Black Catholics ask pope for apology

This story appears in the Francis in the United States feature series. View the full series.

by Monica Clark


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Members of St. Columba Parish here will be listening very attentively during Pope Francis’ visit to the U.S. to see whether he will apologize to African-Americans for the church’s role in the enslavement of people of color.

During his July visit to Bolivia, the pope apologized to indigenous people for “crimes committed against the native peoples during the so-called conquest of America.”

The predominately African-American congregation at St. Columba hopes an apology will be extended to them and the entire black community for the racial slavery and structural injustice practiced and/or tolerated by members of the church in the United States, both lay and ordained.  

In a letter to the pope earlier this month, Fr. Aidan McAleenan, pastor of St. Columba, asked for an official apology for the church’s “acts of racial injustice … that have stained our history from the founding of our country, through the passing of the Civil Rights Movement of the 1960’s to the present day.”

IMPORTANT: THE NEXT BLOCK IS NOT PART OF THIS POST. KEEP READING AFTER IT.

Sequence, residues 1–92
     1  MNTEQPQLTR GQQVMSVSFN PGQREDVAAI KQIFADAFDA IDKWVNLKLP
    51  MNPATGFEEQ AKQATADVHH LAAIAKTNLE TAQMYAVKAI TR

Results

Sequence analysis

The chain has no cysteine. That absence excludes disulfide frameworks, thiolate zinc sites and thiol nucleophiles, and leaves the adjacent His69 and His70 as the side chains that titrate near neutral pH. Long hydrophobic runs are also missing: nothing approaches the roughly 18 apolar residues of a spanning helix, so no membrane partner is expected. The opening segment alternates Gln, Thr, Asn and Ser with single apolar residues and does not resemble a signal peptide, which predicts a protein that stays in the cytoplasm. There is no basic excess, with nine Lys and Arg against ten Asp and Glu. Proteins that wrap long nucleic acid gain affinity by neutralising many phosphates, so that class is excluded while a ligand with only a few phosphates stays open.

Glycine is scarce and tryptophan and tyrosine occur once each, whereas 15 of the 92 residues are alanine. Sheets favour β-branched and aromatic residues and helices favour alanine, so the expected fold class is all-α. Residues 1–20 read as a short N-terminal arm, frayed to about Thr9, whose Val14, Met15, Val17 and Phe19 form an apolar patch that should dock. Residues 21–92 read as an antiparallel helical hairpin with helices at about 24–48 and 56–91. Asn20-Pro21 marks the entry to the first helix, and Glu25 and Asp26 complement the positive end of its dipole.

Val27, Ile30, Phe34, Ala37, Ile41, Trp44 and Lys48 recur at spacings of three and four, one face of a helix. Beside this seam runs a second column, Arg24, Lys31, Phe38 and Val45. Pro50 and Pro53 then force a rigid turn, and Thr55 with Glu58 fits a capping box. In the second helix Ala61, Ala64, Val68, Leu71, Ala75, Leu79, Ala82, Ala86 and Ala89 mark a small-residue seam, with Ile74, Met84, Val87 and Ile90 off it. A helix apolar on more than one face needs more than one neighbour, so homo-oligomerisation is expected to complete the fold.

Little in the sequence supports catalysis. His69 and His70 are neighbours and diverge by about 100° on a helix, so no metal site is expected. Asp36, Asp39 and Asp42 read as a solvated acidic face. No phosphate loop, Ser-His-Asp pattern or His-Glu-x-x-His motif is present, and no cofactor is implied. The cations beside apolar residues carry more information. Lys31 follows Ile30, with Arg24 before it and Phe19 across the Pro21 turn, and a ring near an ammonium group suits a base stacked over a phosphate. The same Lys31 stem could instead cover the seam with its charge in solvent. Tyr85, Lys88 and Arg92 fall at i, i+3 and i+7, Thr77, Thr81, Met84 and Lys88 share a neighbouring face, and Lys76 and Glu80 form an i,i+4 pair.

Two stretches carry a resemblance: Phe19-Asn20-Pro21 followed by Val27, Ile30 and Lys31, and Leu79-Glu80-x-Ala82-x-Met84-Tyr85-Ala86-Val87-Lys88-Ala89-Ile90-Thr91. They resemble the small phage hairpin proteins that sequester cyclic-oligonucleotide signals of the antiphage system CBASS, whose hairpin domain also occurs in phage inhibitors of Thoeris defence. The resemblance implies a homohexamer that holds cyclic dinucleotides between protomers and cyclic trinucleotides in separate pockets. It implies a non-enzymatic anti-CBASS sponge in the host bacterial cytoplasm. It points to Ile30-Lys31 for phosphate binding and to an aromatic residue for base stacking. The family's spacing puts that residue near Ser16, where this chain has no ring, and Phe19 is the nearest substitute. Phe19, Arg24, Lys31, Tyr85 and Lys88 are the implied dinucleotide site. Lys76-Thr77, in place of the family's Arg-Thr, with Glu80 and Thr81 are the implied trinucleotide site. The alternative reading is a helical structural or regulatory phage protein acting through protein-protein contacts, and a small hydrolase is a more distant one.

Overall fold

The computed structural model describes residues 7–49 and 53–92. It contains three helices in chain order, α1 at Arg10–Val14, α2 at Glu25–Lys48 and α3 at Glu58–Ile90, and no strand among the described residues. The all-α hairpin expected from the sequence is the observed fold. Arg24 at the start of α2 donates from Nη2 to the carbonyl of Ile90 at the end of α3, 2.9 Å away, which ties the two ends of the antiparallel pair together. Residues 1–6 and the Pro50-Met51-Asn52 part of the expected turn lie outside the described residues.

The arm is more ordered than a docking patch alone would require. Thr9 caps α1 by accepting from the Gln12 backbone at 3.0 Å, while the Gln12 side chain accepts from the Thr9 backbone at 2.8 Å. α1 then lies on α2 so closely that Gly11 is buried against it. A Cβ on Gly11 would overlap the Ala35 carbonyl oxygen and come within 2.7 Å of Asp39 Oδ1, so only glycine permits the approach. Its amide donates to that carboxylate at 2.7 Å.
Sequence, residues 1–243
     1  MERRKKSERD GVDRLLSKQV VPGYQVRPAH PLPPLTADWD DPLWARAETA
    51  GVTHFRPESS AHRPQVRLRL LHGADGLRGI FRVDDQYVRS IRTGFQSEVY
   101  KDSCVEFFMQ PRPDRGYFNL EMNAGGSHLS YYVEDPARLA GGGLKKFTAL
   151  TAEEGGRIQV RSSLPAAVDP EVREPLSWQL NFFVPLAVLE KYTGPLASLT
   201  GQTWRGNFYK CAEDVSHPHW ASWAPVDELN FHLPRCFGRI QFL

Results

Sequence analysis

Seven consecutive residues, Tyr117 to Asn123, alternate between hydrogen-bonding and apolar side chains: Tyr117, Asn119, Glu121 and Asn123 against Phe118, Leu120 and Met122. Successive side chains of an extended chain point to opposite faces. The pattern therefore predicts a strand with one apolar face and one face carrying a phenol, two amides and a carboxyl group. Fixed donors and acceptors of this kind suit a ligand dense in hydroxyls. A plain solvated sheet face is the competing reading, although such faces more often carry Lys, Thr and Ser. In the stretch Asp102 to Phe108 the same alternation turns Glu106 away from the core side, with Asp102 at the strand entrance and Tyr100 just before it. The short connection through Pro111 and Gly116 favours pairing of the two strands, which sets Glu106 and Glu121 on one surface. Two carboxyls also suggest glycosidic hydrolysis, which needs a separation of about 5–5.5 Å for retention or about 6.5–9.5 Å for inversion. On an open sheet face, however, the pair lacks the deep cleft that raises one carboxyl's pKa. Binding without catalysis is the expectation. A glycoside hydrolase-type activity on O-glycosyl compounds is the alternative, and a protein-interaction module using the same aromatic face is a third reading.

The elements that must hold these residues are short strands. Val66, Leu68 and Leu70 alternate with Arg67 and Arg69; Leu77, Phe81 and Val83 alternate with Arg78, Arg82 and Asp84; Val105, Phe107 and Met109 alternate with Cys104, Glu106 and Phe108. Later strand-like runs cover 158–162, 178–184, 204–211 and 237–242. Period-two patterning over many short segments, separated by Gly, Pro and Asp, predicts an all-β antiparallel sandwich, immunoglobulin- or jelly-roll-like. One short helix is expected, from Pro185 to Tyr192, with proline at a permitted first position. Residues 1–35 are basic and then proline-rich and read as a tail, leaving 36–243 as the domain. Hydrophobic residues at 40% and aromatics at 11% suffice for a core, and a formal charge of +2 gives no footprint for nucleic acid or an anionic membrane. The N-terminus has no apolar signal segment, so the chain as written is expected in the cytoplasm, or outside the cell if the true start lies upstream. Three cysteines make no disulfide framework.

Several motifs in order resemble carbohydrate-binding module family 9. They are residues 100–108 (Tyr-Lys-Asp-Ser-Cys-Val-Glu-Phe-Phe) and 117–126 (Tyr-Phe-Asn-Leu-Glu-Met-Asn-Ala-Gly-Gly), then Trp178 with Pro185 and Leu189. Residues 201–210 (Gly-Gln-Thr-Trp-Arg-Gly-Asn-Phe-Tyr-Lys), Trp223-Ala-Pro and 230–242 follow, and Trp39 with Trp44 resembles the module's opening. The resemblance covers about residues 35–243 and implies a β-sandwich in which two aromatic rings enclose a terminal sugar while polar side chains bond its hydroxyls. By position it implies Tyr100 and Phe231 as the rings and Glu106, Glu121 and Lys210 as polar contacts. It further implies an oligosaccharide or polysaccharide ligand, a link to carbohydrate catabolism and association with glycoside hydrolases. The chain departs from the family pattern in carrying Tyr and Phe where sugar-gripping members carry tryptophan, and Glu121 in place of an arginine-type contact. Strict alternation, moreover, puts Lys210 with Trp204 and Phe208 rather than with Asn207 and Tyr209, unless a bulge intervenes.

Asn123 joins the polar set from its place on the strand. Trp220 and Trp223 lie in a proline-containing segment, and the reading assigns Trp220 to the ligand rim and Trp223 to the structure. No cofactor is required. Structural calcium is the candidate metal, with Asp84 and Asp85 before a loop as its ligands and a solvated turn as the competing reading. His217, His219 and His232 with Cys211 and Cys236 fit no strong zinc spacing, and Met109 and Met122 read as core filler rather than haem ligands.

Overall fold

Citing the late Benedictine Fr. Cyprian Davis’ book, The History of Black Catholics in the United States, McAleenan reminded the pope that “European-American Roman Catholics, including bishops, religious congregations, and laity both owned and sold African slaves.”

He also noted that the bishops of the United States resisted calls for the abolition of slavery and that throughout American history the bishops “have seldom, if ever, acknowledged or apologized for this tragic history and continuing complicity in racial injustice.”

Writing on behalf of his multicultural congregation, McAleenan said given the “the pain present in the black Catholic family in the United States,” an official apology would “place the Church in the path of righting the wrong and would allow African Americans and other people of color to practically experience the practice of mercy within our Church.”

“In the end,” he wrote, “an official apology would launch the racial healing that is long overdue in U.S. Catholicism and the world we all live and share.”

[Monica Clark is an NCR West Coast Correspondent. Her email address is]

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